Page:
Basically fine hardware, but PITA closed drivers.

            • willmore
            • 2 years ago

            What’s painful about them?

    • soryuuha
    • 2 years ago

    pi3 b+ finally does 4k hevc 10bit acceleration?

    cant find anything about it in article

      • Hattig
      • 2 years ago

      No, it’s the same SoC, just with better thermal management.

      Which, from the graph above, could mean a better overall performance gain than the raw numbers would otherwise suggest, unless you previously had a heatsink mounted.

      Hopefully a suitable replacement SoC with A55s, VC5, USB3, and a process shrink (28nm instead of 40nm would help a lot) will be along for next year, but as mentioned above, it could be longer.

      • tipoo
      • 2 years ago

      Exact same GPU, so no new hardware decode. But the Pi 3 B could run low bitrate HVEC (mostly 720p), maybe the clock bump pushes this a bit higher.

      • willmore
      • 2 years ago

      You may want to look at the Rockchip based boards or the ODROID C2 or some of the newer Allwinner based chips. The Raspberry boards are sporting the VideoCore IV dating from 2009.

    • Wirko
    • 2 years ago

    Pi 3 has a tiniest chip antenna, but I can’t locate the new model’s antenna at all in the picture.

      • UberGerbil
      • 2 years ago

      Maybe the shielding means they now require an external antenna for everything?

      • Takeshi7
      • 2 years ago

      The gap antenna is clearly visible on the PCB next to the shielded chip. Right above the “J4” silkscreen, and left of the “made in the UK” silkscreen. That little triangle shaped section on the PCB.

      • TheMonkeyKing
      • 2 years ago

      Resonant cavity antennae. 3rd, 4th picture. See:
      [url<]http://raspi.tv/2018/new-raspberry-pi-model-3b-1-4-ghz-330mbit-ethernet-802-11ac-poe[/url<]

    • chuckula
    • 2 years ago

    Happy Pi Day to all pies, Raspberry or otherwise.

      • UberGerbil
      • 2 years ago

      It’s worth noting that if you check around you may find deals on actual pies. I know my local pizza place has two-for-one slices today, and the local pies-and-drinks place Pie Bar always has specials as well.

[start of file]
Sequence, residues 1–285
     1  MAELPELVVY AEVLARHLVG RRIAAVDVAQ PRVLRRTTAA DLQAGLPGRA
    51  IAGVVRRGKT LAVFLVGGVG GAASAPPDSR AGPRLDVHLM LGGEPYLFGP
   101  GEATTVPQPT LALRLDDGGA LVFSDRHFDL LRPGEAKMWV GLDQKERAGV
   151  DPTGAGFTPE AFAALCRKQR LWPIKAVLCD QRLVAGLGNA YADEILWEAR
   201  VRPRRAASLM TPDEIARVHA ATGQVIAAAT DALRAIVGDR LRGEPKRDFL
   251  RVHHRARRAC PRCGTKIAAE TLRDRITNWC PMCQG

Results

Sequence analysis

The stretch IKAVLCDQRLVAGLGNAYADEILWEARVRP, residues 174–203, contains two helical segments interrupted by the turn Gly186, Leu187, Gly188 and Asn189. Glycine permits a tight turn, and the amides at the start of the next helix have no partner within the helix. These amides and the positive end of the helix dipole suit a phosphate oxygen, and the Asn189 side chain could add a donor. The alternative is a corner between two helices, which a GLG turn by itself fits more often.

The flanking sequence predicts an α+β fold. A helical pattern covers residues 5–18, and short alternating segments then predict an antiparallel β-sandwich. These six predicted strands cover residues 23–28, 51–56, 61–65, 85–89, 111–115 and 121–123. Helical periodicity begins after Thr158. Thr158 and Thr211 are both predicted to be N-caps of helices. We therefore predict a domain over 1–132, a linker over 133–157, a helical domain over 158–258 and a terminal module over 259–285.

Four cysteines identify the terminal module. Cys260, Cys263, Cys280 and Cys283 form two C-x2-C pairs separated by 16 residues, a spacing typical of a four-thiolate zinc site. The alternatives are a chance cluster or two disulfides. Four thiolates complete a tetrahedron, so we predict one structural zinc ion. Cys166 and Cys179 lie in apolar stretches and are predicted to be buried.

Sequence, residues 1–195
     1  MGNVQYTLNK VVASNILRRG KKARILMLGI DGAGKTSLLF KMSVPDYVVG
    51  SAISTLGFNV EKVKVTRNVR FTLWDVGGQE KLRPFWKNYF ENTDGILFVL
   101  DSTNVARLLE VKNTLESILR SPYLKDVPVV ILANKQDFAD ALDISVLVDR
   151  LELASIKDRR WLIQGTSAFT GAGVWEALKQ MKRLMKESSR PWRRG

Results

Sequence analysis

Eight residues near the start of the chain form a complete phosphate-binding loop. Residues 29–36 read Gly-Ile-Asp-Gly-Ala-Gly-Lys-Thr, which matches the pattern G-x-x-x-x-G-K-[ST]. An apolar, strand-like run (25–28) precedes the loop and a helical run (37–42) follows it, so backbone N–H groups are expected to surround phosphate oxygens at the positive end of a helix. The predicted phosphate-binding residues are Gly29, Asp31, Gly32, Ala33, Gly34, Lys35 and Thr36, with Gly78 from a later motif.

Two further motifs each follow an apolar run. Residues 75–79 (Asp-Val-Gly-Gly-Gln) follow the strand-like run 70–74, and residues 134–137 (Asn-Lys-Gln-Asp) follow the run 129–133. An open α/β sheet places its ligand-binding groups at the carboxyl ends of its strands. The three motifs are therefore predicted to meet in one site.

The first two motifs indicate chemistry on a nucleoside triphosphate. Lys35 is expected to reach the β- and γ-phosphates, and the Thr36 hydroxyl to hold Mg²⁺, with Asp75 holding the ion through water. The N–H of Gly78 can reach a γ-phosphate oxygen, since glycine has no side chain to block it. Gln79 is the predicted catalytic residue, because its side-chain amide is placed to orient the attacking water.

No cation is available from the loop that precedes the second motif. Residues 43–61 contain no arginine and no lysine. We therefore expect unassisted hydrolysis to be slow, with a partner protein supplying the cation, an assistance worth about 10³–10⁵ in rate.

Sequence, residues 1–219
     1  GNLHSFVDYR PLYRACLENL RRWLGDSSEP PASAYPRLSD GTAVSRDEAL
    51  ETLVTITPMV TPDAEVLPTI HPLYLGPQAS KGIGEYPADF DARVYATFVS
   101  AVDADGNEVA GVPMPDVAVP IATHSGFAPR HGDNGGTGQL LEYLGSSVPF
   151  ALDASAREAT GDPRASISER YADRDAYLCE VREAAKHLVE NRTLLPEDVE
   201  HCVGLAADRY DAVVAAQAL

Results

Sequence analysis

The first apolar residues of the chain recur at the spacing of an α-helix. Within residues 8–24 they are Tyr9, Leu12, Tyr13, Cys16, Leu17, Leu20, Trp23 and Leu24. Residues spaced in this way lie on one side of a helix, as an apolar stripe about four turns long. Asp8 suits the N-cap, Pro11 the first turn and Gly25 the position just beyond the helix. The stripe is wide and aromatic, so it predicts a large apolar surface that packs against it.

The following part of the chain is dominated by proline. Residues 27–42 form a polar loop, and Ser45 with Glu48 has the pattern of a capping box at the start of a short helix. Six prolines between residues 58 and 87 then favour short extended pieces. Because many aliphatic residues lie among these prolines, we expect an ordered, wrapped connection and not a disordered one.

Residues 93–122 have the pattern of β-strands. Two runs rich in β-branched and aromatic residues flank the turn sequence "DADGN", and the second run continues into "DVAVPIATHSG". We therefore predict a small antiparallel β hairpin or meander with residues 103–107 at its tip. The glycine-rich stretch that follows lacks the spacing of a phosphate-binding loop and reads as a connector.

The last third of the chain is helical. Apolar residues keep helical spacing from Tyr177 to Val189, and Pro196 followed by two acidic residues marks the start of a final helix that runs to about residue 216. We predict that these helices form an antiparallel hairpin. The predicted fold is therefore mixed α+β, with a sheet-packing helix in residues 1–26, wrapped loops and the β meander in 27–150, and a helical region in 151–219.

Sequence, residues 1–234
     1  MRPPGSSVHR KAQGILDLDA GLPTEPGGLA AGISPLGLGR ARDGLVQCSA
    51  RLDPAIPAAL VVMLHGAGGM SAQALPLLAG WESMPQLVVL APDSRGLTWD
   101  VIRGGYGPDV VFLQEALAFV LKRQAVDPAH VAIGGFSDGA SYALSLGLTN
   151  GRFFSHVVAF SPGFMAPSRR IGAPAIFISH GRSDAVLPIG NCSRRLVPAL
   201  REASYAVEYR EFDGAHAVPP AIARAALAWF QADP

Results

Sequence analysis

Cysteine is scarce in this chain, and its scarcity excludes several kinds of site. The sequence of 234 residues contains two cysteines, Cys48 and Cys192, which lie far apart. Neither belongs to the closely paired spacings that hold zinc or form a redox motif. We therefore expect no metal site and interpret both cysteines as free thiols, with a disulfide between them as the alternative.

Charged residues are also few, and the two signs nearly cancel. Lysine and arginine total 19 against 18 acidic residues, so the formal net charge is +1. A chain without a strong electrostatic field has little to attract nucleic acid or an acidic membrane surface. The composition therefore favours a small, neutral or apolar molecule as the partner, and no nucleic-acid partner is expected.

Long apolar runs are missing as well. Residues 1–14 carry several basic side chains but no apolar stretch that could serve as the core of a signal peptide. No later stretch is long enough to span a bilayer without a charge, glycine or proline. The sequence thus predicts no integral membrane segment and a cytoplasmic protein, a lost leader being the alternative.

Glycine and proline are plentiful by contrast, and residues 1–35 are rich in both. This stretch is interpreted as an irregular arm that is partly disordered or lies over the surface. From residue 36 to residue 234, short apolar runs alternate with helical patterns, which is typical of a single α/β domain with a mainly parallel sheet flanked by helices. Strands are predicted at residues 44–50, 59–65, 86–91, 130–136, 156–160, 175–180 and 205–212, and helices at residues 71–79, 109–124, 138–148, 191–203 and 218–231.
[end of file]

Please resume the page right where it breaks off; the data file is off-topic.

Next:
• Neutronbeam
        • 2 years ago

        My local Your Pie is offering individual pizzas (all they offer) for $3.14.

        • derFunkenstein
        • 2 years ago

        I got an email from a Papa Murphy’s advertising any large single-topping pizza for $3.14

          • willmore
          • 2 years ago

          We got two! Why? Because Tau is better than Pi!

            • UberGerbil
            • 2 years ago

            You should’ve got considerably more than two, but somewhat less than three, so long as one of the ingredients was natural olive euler.

            • willmore
            • 2 years ago

            Hey, get your own day!

    • Takeshi7
    • 2 years ago

    I’m pretty disappointed they didn’t upgrade to USB 3.0. A lot of their competition has by this point.

      • chuckula
      • 2 years ago

      It’s not happening until there’s a major update to the SoC. I doubt that the SoC is going to get a big upgrade until at least 2020 or so.

      • bthylafh
      • 2 years ago

      Cost engineering. It’s not easy to get modern features for an absurdly low price.

        • willmore
        • 2 years ago

        The price isn’t absurdly low. It’s actually pretty high for this market segment. Compare the Rpi3+ to an Orange Pi PC2 for $20.

      • Welch
      • 2 years ago

      Yeah, that has been my major point of contention. I’d imagine the SOC couldn’t truly handle that much I/O anyhow and they of course want to maintain the $35 mark. I’m thinking the next iteration of the Pi will be the big one. USB 3.0, more powerful SOC and hopefully pushing to the 3 or 4gb DDR3!?

        • bthylafh
        • 2 years ago

        As expensive as RAM’s been, don’t hold your breath.

        • mczak
        • 2 years ago

        I think you can forget 3 or 4GB of memory, even if memory prices go down again.
        With current prices, even 2GB (which everybody is hoping for) would be out of the question, as the cost of that alone would be ~15$ (and reportedly they don’t want to increase the price of the Pi).

      • UberGerbil
      • 2 years ago

      Clearly they’re waiting for a minor revision in the USB spec so they can upgrade to USB 3.14